In December 2019, TCOLE released 136 pages of records to KXAN in response to an open records request seeking copies of any comparative analysis submitted to TCOLE. The agency confirmed to KXAN last week it had not “been mandating” law enforcement agencies submit the analyses, although the law has required it for more than a decade.
TCOLE completed its self-evaluation report and turned it into the Sunset Advisory Commission in September 2019, detailing what the agency found to be its most pressing problems. Of the six “major issues” identified by TCOLE, none of them dealt with its failure to enforce the state’s racial profiling reporting law.
A report published by Sunset staff in November 2020 referred to TCOLE as “toothless” in its regulation of law enforcement and its oversight authority when it comes to sanctioning peace officer license holders. However, the same report stated TCOLE isn’t toothless when it comes to its ability to enforce Texas’ racial profiling law.
“TCOLE is only authorized to issue administrative sanctions for noncompliance in a few narrow circumstances, such as failing to submit a report on racial profiling,” the November 2020 staff report shows.
“If it is failure to act, how do you fix that?” KXAN investigator Jody Barr asked Cyrier.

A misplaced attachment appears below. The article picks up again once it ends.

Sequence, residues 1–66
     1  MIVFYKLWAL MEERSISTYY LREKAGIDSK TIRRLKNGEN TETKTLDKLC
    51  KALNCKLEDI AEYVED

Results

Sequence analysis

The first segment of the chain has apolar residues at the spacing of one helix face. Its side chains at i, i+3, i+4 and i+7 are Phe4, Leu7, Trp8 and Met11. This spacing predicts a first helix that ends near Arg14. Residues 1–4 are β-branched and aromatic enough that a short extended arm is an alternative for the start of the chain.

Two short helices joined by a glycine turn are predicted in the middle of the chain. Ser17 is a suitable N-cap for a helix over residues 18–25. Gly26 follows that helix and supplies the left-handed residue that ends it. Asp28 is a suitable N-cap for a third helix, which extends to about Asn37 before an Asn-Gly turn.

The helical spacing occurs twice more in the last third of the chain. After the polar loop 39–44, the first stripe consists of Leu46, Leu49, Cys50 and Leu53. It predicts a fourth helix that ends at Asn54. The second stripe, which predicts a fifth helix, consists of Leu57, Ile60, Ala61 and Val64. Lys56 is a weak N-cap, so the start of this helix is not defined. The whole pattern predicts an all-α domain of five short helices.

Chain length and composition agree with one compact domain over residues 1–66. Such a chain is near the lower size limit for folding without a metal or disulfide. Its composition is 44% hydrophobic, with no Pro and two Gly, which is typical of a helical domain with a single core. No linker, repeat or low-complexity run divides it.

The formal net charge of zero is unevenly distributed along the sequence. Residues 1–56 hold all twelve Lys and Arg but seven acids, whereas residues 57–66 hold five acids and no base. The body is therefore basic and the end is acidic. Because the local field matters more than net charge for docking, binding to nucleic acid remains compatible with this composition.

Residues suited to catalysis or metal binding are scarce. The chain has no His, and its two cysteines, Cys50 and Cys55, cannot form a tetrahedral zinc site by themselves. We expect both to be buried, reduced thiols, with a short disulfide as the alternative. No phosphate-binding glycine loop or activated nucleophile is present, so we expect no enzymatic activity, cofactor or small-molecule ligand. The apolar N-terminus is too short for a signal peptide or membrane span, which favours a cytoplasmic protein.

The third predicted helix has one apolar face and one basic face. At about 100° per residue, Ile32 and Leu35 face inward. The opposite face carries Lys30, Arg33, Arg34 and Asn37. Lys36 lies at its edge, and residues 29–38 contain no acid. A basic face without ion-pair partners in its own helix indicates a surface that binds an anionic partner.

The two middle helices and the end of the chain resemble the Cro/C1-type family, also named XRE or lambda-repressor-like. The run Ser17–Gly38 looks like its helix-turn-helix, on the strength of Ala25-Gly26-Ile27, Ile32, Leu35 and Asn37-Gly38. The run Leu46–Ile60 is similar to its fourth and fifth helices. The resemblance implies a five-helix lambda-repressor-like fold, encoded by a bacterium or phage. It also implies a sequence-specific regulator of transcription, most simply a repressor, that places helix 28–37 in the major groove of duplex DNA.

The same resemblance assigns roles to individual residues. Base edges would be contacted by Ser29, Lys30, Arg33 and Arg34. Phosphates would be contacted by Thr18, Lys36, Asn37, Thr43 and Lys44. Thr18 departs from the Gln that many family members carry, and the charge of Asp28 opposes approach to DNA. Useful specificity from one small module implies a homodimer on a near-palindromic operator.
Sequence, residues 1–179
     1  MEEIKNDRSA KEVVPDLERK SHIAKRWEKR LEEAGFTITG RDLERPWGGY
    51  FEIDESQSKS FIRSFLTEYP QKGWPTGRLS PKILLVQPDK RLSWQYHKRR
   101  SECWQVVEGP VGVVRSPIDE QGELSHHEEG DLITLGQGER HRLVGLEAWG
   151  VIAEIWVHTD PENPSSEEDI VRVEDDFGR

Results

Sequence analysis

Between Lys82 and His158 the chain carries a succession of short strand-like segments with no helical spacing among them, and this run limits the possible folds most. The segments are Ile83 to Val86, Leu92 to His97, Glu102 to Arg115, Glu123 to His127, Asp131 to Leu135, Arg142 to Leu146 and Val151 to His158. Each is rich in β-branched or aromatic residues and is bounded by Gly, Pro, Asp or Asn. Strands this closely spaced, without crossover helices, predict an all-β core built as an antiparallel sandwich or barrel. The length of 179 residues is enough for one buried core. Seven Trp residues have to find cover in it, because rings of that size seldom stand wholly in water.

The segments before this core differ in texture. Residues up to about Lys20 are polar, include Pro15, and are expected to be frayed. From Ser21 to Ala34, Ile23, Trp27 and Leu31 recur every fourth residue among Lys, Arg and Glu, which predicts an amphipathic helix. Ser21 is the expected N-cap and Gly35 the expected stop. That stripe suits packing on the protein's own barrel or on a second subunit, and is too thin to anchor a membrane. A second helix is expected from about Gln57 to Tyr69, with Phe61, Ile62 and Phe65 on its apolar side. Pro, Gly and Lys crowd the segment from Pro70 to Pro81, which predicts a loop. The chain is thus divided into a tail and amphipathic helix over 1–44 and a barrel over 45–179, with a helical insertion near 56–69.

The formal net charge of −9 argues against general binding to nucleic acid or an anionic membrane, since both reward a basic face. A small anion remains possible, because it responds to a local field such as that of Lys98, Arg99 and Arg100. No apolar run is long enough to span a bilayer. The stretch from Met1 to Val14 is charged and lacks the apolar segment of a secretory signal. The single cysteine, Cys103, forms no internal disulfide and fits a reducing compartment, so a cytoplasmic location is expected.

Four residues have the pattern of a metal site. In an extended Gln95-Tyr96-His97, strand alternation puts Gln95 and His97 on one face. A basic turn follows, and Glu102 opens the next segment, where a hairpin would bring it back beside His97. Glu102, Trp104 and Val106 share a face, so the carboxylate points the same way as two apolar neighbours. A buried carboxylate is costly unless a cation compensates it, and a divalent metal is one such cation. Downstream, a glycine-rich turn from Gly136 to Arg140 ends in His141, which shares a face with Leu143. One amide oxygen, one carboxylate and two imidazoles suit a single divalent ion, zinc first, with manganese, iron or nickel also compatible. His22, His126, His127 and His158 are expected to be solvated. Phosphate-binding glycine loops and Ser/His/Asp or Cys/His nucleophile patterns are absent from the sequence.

“Through this process (Sunset). And, no, it’s definitely a failure to act and they weren’t doing the responsibilities the legislature told them to do and what was in the best interest of all Texans,” Cyrier said.
“Obviously, this will be a big part of it, racial profiling. The lack of oversight from TCOLE, but again, it’s one of many areas that we’re seeing that needs to be fixed,” Cyrier said.
Vickers argued the reason TCOLE has not strictly enforced the racial profiling law is because the agency wanted to “be fair” to smaller law enforcement agencies who might lack the ability to perform analyses of their own racial profiling data.
“Are we the regulatory agency? You bet. Can I hammer people that are put in that position because they didn’t comply with this? Yeah, I could. Is that the right thing to do? Is it fair, and right?” Vickers asked.
“We need to be more diligent on that. You have really made me look at that — we need to be more diligent and we will look at that,” Vickers told KXAN.
The day after our interview with Vickers in December, he sent every law enforcement agency an email telling those agencies the analysis for 2020 is required to be submitted to TCOLE by March 1. The language in Vickers’ email has been posted on the TCOLE site since 2019 and has been part of the racial profiling law since 2009.
The result of the Sunset process is to produce legislation aimed at correcting problems identified in the staff reports. Cyrier said he is the lawmaker who will introduce and work to pass new TCOLE legislation this session. Racial profiling would now be included in that discussion, he said.
“It’s no question in anybody’s mind that it’s broken, and we need to do a complete overhaul of our law enforcement in the state of Texas,” Cyrier told KXAN.
Investigative Photographer Ben Friberg, Graphic Artist Rachel Garza, Editor Eric Lefenfeld, Director of Investigations & Innovation Josh Hinkle, Digital Special Project Developer Robert Sims, Digital Executive Producer Kate Winkle and News Director Chad Cross contributed to this report.